The National Labor Relations Board issued a final rule Thursday that removes barriers for union elections and should cut down the time it takes to proceed from petition to election and to reach a resolution in post-election litigation, the NLRB said.
The new rule largely returns the election process to one established in 2014 but that had been altered in 2019 by Trump-era amendments. A separate companion rule also approved Thursday halts the implementation of two provisions of the 2019 regulations that had been contested in court but were set to go into effect Sept. 10.
“It is a basic principle of the National Labor Relations Act that representation cases should be resolved quickly and fairly,” NLRB Chairman Lauren McFerran said in a news release. “By removing unnecessary delays from the election process, the new rule supports these important goals, and allows workers to more effectively exercise their fundamental rights.”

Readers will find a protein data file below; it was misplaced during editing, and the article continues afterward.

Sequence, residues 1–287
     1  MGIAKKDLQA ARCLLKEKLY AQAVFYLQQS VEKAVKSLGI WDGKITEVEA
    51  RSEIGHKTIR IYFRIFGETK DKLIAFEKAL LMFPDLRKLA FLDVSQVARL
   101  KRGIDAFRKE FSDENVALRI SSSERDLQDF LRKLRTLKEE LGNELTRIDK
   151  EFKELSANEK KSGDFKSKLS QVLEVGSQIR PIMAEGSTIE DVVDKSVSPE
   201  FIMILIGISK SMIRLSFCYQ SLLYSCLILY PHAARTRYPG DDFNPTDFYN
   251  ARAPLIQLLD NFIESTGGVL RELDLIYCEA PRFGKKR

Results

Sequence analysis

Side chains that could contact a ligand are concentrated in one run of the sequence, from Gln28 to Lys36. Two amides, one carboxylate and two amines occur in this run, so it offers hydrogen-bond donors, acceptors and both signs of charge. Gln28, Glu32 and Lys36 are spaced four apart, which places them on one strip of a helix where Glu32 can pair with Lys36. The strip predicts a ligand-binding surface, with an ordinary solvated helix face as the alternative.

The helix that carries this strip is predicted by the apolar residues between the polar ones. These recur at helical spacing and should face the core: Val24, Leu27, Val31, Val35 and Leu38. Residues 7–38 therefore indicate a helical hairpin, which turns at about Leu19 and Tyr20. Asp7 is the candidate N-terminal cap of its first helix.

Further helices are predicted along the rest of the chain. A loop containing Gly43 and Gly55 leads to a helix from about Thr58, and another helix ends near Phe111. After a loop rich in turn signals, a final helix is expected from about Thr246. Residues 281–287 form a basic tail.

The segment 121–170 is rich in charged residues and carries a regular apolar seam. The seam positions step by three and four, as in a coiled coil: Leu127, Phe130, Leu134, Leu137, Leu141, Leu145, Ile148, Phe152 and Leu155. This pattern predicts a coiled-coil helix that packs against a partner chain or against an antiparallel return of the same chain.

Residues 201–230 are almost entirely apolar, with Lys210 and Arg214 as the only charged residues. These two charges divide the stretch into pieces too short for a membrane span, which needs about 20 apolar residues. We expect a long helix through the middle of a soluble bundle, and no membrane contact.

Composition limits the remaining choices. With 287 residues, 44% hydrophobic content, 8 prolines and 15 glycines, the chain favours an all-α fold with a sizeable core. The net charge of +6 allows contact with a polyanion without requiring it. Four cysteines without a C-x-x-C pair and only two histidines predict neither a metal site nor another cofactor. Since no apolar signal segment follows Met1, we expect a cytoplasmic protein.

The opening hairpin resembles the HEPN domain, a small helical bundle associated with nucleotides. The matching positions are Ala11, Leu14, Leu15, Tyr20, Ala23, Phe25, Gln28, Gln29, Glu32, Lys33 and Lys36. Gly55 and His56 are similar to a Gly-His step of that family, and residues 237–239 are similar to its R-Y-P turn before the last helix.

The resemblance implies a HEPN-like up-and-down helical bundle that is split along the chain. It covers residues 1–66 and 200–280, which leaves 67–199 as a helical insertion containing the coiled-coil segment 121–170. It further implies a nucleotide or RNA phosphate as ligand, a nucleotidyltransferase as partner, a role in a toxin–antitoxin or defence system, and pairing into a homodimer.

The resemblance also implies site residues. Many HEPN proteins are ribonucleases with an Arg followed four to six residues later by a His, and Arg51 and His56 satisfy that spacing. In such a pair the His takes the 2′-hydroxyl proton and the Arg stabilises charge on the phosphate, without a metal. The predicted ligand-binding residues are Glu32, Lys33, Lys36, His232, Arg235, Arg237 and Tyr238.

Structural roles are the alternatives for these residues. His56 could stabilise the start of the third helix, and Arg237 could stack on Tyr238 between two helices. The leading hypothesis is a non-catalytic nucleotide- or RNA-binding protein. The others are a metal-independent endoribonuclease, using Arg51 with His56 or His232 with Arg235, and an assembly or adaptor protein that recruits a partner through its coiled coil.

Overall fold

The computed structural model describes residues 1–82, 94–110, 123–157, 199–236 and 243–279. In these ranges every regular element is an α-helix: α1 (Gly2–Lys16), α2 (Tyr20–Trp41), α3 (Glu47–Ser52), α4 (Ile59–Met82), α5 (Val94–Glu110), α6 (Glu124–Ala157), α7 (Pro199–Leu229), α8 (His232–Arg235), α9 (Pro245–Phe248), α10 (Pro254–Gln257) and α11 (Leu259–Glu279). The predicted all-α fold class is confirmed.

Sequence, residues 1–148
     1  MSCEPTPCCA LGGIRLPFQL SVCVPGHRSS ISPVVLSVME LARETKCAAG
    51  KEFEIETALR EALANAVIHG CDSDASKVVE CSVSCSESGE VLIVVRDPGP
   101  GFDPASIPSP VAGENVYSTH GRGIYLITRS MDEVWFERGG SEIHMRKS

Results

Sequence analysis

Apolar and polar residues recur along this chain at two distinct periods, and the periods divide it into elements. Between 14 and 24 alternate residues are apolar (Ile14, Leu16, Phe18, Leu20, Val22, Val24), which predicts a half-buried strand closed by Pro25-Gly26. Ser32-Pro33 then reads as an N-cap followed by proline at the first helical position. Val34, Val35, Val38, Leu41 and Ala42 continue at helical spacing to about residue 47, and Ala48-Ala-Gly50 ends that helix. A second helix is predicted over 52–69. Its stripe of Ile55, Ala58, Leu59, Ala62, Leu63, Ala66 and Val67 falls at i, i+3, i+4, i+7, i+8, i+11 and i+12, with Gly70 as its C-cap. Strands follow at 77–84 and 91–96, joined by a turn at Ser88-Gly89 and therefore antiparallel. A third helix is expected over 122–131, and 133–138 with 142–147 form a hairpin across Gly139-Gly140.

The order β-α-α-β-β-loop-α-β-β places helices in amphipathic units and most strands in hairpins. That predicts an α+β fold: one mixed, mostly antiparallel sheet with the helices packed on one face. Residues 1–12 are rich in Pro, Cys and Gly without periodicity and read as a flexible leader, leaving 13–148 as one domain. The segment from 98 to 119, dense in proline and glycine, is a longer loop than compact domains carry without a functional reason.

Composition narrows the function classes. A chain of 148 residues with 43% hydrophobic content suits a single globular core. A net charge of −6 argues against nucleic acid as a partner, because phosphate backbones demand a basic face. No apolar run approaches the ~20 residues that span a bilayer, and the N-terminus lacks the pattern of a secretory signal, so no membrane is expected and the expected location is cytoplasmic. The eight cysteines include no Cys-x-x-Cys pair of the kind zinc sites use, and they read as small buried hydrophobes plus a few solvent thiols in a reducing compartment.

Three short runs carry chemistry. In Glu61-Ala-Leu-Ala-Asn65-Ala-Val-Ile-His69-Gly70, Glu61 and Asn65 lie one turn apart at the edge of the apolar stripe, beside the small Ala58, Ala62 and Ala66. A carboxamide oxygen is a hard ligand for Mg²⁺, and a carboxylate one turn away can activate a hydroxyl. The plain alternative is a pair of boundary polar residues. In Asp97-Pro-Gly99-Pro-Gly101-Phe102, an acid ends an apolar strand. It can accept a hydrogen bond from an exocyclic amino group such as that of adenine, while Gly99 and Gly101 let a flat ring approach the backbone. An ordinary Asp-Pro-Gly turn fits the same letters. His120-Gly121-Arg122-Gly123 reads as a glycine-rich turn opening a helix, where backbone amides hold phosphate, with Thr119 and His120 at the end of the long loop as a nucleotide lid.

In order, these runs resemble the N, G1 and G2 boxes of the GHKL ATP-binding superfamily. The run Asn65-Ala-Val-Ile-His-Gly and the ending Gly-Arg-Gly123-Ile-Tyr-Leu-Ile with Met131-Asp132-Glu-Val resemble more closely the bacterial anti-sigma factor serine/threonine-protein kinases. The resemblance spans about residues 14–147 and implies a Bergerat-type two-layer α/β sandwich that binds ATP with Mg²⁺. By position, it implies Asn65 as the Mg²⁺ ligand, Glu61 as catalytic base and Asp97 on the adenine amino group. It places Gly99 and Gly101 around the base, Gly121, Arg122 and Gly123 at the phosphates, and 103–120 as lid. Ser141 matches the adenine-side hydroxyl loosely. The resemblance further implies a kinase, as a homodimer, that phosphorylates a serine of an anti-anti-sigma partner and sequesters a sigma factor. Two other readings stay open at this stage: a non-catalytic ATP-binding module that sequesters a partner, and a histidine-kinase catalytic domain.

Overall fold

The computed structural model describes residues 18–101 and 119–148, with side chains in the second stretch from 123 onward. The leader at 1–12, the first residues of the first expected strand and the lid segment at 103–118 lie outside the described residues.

Per a fact sheet issued by the NLRB, the new rule will:
- Speed up the pre-election hearing process
- Require employers to share election information more quickly
- Make hearings more efficient; and
- Allow elections to be held sooner.
The new rule is expected to be published in the Federal Register Aug. 25 and will go into effect Dec. 26, the NLRB said.
The NLRB had a record-breaking rise in new cases in fiscal year 2022, with unfair labor charges and union representation petitions increasing 23%, from 16,720 to 20,498 — the biggest single-year increase in 46 years and the greatest percentage increase in 63 years, NLRB said. FY 2023 is on track to see the second-largest increase in filings since FY 1959, NLRB said.